Players To Watch: Bailey Mes and Kristina Brice are both crucial. They need to find their best form and combine well.
WAIKATO BAY OF PLENTY MAGIC
Ariana Cable-Dixon (C/WA)
Monica Falkner (GA/GS)
Sydney Fraser (C/WA)
Kelly Jury (GK)
Casey Kopua (GK/GD)
Abigail Latu-Meafou (GA/GS)
Kelsey McPhee (GS)
Lisa Mather (WD/C)
Jenna O’Sullivan (GK/GD)
Sam Sinclair (WD/C)
Captain: Casey Kopua
Coach: Amigene Metcalfe
The 2018 season was a disappointment for Waikato Bay of Plenty Magic. The team’s fifth placing was its worst result at the elite level for 16 years. Certainly a big reason for the poor performance were the injuries to key defenders Casey Kopua and Kelly Jury. Magic didn’t win a game after Kopua’s injury in the warm up for round 9.
Both players are back and no doubt looking to make amends. Kopua has said this will be her last season. One of the legends of Magic and New Zealand netball, she deserves to bow out on her terms. Jury and Kopua will be the preferred defensive combination, but back up Jenna O’Sullivan impressed when called up last year.
One player no longer with Magic is star shooter, Lenize Potgieter. She will certainly be missed, but her departure opens up an opportunity in the circle. Monica Falkner looks set to step up in her absence. The athletic Falkner has strong hands and accuracy on the shot, and she is ready for a breakout year.
New Zealand born but Australian raised, Abigail Latu-Meafou is Falkner’s likely shooting partner. She’s shown promise playing for Firebirds and Thunderbirds, and gives the impression the ANZ Premiership will suit her. Goal shooter Kelsey McPhee also gets her chance in the big time after impressing in the Beko League.
The Magic midcourt has an exciting look about it. And it will be led by Sam Sinclair, a player who is under pressure to retain her place in the Silver Ferns. A below par performance in the recent Quad Series saw her lose her starting spot. She will need to be at her dynamic best this season if she’s to go to the World Cup.
Sydney Fraser has been beset by injuries for the past two seasons. Finally, she gets a chance for a good run at the top level. Along with the speedy Ariana Cable-Dixon, she will be an option at centre/wing attack. Not yet 20, Lisa Mather looks to have a bright future in the midcourt after being elevated from training partner in 2018.
Prediction: The only coaching change in this year’s competition happens at the Magic as club stalwart Amigene Metcalfe takes over the reigns. It won’t be an easy job for her, but there is enough talent in this team to give hope of a top 3 finish.
Players To Watch: Sam Sinclair needs to have a big year and Monica Falkner looks like a future star.
Katrina Rore (Photo: Simon Leonard)
Karin Burger (GD/WD)
Aliyah Dunn (GS)
Ameliaranne Ekenasio (GA/GS)
Sulu Fitzpatrick (GK/GD)
Maddy Gordon (WD/C)
Claire Kersten (WD/C)
Tiana Metuarau (GA/GS)
Katrina Rore (GK/GD)
Whitney Souness (C/WA)
Elle Temu (GK/GD)
Captain: Katrina Rore
Coach: Yvette McCausland-Durie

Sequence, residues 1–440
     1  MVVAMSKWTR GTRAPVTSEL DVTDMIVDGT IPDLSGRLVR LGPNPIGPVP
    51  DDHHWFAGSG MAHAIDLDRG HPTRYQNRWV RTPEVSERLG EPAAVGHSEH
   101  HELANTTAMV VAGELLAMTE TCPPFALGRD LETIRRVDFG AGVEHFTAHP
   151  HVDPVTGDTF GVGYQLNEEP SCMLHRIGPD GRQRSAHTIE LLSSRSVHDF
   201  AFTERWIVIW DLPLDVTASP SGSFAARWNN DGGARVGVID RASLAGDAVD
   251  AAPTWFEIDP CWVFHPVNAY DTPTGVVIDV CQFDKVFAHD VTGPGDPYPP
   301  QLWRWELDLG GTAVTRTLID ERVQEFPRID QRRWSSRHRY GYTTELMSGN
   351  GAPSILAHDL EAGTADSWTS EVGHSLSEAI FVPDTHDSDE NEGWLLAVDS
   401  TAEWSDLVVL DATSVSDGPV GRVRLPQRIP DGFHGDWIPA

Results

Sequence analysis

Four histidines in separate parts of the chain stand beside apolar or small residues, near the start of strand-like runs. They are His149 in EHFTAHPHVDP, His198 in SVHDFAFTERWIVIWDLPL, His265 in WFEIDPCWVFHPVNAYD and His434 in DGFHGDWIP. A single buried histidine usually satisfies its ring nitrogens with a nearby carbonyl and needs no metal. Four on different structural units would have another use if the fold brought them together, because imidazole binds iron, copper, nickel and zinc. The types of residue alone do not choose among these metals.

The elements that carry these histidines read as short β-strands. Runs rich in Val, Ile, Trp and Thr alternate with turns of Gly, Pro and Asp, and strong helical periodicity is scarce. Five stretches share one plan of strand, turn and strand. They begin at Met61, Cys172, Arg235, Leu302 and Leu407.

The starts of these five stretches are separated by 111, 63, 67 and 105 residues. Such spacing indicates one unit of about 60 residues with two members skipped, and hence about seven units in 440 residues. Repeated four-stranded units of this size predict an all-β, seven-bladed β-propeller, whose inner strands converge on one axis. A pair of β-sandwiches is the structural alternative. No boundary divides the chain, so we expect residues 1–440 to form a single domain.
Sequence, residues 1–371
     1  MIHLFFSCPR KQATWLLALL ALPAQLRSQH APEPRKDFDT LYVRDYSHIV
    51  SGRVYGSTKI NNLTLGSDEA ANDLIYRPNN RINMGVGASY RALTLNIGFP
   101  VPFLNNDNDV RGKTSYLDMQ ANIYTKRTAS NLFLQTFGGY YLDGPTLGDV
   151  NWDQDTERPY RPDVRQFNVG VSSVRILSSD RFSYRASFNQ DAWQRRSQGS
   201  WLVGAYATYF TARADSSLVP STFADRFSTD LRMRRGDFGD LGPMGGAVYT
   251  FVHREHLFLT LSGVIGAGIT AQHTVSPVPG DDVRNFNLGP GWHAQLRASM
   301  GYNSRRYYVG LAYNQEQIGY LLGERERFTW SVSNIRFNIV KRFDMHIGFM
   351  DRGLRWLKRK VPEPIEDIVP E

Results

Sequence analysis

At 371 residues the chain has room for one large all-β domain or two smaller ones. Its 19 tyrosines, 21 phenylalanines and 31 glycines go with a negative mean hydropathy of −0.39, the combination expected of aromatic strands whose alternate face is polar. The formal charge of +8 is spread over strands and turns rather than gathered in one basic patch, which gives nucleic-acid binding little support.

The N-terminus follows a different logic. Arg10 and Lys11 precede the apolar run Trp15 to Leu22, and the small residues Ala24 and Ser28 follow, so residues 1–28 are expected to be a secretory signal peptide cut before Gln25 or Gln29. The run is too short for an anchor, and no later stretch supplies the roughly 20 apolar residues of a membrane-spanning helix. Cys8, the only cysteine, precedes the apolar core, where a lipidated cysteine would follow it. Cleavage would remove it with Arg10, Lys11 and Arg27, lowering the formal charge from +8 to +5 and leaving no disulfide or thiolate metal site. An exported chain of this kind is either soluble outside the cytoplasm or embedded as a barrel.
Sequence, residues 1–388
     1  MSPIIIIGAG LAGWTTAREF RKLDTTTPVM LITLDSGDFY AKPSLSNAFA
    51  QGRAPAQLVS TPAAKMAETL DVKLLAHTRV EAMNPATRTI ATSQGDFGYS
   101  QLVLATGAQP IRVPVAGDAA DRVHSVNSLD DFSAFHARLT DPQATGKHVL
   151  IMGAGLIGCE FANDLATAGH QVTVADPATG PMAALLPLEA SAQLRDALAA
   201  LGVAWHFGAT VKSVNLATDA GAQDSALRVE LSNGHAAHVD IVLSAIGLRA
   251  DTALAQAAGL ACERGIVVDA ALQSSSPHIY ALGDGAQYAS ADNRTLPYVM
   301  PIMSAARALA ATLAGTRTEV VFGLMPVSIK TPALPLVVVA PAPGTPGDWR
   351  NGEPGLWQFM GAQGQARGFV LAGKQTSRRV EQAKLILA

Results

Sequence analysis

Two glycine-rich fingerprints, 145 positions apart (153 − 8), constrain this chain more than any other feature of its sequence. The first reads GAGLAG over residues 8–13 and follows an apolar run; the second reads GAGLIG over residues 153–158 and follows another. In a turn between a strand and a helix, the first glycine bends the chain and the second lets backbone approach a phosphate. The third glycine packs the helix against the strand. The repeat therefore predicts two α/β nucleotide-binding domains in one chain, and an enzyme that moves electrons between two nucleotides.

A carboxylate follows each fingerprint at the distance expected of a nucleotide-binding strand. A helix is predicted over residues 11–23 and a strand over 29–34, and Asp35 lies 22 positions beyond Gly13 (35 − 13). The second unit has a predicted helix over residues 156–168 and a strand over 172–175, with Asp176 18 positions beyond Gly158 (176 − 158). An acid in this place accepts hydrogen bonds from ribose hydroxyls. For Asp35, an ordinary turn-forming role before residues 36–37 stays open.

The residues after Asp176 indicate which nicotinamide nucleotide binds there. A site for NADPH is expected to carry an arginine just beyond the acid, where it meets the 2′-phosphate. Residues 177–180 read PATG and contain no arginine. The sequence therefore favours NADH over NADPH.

For most of 2018, Pulse were the competition pacesetters and looked like premiers in waiting. Six goals up with less than four minutes to play in the grand final on their home court and it was surely just a mere formality? A magnificent Steel team had other ideas though and the Pulse players were left shattered.
Can they pick themselves up from that and contend again? They will want to right the wrongs of that grand final nightmare. And if they are to win their first title, captain Katrina Rore (nee Grant) is likely to play a big part in it.
If Rore needed any extra motivation at all, she got it when surprisingly left out of the Silver Ferns team for the Quad Series last month. This was a big comedown for someone who was test captain until relatively recently. She was also the ANZ Premiership MVP last year, so there’s no reason why she won’t star again in 2019.
Combining with Rore in defence will be goal keeper Sulu Fitzpatrick, who had such a tremendous 2018, it was enough to earn a test recall after seven years. Meanwhile, youngster Elle Temu gets her chance after shining in the Beko League.
South African-born Karin Burger, previously a circle defender, excelled at wing defence last year. So much so that she went on to make her test debut there for New Zealand. Another who changed positions was Claire Kersten, moving to centre and doing it with aplomb.
Complementing the calmness and stability of Kersten, Whitney Souness has all the speed and flair at wing attack. She too has been rewarded with test selection. And then we come to Maddy Gordon, who like Temu, was a part of Central’s winning Beko League team. She may have only recently turned 19, but based on the form shown in the pre-season, she won’t be a bench warmer for long.
In the shooting circle, Pulse have a settled trio with the experienced Ameliaranne Ekenasio and the talented teenagers, Aliyah Dunn and Tiana Metuarau. They seemingly have most situations covered, whether a holding shooter or a more mobile combination is wanted. Ekenasio’s form in the recent UK tests was tremendous.
Prediction: Will Pulse put last year’s disaster behind them and go on to take the title? It remains to be seen, but given the talent in this team, they have every chance of getting another shot at it. They should finish top two with little trouble.
Players To Watch: Katrina Rore has no shortage of motivation and Maddy Gordon looks a real talent.
Kate Beveridge (GA/GS)
Ellie Bird (GS)
Charlotte Elley (WD/C)